Georgetown Hockey


The Georgetown University ice hockey team has a long and storied history.


Formed in 1938 as the Georgetown University Hockey Club, the team played its first game on February 4, 1939.  According to the Washington Post, the game was billed as "the first indoor ice hockey game in Washington" and was a resounding success:  "Nearly 1500 spectators jammed the Chevy Chase Ice Palace for the Hoyas match with an All-Star aggregation from Baltimore, and almost 700 more were turned away for lack of room."


Georgetown's first intercollegiate hockey game was played on February 14, 1939 against Loyola University of Baltimore.  The "Georgetown Icemen" were coached by John Boyle, a former Hoya football player.  The team consisted of 12 players, four of whom played high school hockey at Brooklyn Prep and two of whom where on the Georgetown baseball team.  The game ended in a 2-2 tie.  According to the Washington Post, which regularly covered the team in its early years, Loyola tied the game due to a "freak hockey shot" that was "slammed from behind the Georgetown goal, struck the back of the Goalkeeper's stick and went into the net."


In its formative year, the Georgetown hockey team had difficulty scheduling games with college rivals and struggled to obtain official recognition from the University.  In its inaugural 1939 season, the Hoyas won one game, tied two, and lost two.  The following year, they won two and lost one.  The 1941 season, however, was heralded as one in which Georgetown University would "blossom forth into big-time intercollegiate competition in ice hockey" as it secured a seven-game schedule that included Temple, Lehigh, Penn State, Franklin and Marshall, and the University of Pennsylvania.


For both hockey fans and players, the hockey experience in 1941 was quite different from what it is today.  Neither the skaters nor the goaltenders wore helmets or hockey masks. On March 8, 1941, the Hoyas skated to a 4-4 tie against a Penn State team that was billed as "one of the best in the East."  In describing the game, the Washington Post stated, "The Nittany Lions were handicapped in the initial period when they lost their regular goalie, Larry Lightbody, who stopped the puck with his right cheek, necessitating several stitches and a substitute goal tender." Georgetown's March 22, 1941 game against the University of Pennsylvania Quakers was advertised by noting that "the game itself will be followed by two hours of public skating, both of which will be offered for an admission price of 54 cents."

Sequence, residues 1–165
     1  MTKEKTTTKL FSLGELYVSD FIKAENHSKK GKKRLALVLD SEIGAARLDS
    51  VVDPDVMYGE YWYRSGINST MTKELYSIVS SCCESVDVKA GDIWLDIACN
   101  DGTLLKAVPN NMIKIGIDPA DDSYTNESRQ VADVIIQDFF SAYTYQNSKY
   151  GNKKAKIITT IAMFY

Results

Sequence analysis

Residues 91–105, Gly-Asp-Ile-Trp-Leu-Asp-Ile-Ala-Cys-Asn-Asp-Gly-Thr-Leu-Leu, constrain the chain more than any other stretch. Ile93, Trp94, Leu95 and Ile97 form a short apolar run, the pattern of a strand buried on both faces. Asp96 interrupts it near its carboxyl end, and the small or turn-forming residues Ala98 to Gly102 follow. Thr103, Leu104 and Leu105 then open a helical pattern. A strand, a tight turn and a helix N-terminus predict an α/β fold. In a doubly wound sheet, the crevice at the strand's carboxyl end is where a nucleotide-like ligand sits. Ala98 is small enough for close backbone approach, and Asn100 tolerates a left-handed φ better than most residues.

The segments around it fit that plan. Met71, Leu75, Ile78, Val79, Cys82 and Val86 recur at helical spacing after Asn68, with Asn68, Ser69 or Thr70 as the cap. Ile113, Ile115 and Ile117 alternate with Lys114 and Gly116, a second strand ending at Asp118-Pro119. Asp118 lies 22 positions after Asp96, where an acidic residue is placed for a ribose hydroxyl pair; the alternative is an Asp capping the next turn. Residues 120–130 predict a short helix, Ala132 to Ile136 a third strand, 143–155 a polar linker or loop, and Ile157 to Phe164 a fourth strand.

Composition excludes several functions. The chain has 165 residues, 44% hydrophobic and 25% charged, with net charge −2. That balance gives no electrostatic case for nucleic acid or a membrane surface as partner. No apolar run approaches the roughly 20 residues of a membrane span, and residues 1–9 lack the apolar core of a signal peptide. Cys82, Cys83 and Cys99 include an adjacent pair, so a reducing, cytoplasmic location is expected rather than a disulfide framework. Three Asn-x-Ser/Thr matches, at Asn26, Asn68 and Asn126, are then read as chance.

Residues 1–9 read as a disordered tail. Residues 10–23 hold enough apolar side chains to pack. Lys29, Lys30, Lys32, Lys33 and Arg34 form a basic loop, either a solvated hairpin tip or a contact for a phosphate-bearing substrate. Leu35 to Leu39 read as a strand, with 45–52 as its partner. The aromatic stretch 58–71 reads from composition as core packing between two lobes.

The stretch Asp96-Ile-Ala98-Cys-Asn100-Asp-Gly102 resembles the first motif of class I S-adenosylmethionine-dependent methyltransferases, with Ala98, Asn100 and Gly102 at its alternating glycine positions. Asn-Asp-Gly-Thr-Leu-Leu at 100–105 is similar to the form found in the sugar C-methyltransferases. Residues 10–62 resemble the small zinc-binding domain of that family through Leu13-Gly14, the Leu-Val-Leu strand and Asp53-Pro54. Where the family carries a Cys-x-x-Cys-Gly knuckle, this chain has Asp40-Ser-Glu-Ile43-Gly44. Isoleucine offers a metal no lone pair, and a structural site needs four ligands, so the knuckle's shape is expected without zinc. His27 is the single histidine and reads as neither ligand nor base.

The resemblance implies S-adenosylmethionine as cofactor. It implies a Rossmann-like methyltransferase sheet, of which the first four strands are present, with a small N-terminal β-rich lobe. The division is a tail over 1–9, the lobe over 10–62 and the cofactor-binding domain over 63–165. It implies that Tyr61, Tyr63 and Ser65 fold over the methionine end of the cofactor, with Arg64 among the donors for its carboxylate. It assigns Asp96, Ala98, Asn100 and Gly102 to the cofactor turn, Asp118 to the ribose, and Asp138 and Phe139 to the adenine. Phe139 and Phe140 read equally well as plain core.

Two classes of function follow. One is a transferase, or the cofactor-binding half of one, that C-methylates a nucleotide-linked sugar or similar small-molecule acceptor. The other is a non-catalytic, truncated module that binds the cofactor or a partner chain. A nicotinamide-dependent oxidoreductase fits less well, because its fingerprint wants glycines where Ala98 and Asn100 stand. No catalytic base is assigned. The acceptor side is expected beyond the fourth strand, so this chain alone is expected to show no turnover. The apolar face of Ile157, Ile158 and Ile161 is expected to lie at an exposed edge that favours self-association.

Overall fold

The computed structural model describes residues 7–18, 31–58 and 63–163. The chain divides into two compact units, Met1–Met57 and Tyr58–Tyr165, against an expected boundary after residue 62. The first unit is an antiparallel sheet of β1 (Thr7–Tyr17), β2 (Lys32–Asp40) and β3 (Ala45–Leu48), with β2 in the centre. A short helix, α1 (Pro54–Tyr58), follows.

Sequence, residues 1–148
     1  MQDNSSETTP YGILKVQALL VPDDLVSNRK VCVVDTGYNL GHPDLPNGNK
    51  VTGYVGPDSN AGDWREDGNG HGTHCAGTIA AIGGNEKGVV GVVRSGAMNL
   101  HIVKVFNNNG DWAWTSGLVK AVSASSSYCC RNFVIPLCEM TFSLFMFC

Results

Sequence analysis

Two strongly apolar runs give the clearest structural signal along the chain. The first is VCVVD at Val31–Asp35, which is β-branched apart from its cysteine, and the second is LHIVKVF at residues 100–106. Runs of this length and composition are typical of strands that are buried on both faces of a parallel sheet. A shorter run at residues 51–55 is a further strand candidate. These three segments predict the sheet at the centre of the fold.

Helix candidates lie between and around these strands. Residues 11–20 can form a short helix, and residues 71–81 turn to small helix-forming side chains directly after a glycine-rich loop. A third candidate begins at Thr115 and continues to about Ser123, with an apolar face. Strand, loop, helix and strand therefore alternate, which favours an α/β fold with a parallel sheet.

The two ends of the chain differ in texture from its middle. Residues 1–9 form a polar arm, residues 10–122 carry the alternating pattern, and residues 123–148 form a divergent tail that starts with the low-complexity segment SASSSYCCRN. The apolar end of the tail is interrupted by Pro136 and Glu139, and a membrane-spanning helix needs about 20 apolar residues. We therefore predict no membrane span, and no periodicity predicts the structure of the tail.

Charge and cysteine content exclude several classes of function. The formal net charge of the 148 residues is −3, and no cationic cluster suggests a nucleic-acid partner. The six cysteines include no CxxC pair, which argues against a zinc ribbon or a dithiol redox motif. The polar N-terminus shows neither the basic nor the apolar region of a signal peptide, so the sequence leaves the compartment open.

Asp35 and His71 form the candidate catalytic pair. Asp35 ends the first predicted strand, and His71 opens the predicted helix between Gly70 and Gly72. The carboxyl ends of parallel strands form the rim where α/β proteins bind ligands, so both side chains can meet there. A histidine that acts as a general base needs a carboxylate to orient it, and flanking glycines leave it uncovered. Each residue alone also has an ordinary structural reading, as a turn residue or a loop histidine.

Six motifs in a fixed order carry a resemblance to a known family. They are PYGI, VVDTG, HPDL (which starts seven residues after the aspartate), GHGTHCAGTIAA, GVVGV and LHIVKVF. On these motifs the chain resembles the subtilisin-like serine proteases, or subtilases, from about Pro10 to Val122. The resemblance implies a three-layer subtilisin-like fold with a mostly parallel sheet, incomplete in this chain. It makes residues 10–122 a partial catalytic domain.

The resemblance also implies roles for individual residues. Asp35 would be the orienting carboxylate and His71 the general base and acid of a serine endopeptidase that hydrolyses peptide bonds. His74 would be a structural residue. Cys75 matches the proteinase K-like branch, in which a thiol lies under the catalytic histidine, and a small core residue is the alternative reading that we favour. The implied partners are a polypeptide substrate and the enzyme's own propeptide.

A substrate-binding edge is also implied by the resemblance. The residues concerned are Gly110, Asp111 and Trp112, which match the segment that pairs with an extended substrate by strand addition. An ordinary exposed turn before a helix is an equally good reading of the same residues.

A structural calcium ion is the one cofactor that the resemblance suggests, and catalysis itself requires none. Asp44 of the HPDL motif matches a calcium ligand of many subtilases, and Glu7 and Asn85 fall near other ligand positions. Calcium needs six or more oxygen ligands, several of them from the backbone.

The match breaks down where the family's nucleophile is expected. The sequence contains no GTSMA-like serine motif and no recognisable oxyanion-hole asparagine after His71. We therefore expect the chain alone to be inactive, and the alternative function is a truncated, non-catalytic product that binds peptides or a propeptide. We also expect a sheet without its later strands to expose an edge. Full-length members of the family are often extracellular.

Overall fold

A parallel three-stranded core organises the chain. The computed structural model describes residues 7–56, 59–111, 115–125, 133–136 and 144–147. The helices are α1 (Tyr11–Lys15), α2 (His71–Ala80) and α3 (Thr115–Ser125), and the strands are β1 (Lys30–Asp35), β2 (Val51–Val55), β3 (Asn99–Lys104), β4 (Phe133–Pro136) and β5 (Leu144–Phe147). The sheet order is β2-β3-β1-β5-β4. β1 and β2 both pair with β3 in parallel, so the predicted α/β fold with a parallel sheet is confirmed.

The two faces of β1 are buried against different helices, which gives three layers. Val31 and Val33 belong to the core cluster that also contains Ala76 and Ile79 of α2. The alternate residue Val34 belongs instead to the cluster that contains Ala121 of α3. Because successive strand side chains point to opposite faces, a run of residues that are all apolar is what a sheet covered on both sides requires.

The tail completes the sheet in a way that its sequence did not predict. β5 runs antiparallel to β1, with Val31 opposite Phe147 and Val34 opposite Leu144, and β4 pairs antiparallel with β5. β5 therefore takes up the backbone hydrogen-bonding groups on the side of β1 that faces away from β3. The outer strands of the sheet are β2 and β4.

Through most of the 1990's under the coaching of Brad Kent and

Rich Calnan, Georgetown emerged as a collegiate hockey power within the newly formed Mason Dixon Collegiate Hockey Association (MDCHA). In 1996-97 Georgetown went undefeated (15-0-1) to mark the first of 3 MDCHA championships in a 5 year span. Soon thereafter, in the 2001-02 season, Georgetown qualified for and competed in their first ACHA National Championship tournament at Georgia Tech.

Today, Georgetown is a member of the ACCHL—the Atlantic Coast Collegiate Hockey League.  The ACCHL, established in 1995, is part of Division II of the American Collegiate Hockey Association (ACHA) 


The ACCHL currently consists of four divisions and 19 universities.  The Capitol Division consists of Georgetown, George Washington University, James Madison University, Princeton University, and Saint Joseph’s University. The Carolina Division consists of Wake Forest, Elon, East Carolina, Duke, and UNC-Charlotte. The Premier Division consists of NC State, UNC- Chapel Hill, Penn State, Rowan, UNC- Wilmington, and Virginia Tech. Lastly, the Virginia Division consists of Denison, Richmond, West Virginia, and the University of Virginia. 


The Georgetown Hoyas have been members of the ACCHL since the 2003-2004 season.  The Hoyas have enjoyed great success since entering the ACC, winning six league championships-- in 2005, 2007, 2008, 2012, 2013, and 2014. 


The current Georgetown Hockey team is coached by head coach Anthony Persico along with assistants Richie McGinniss, Zach Shpilner, and Danny Griffin.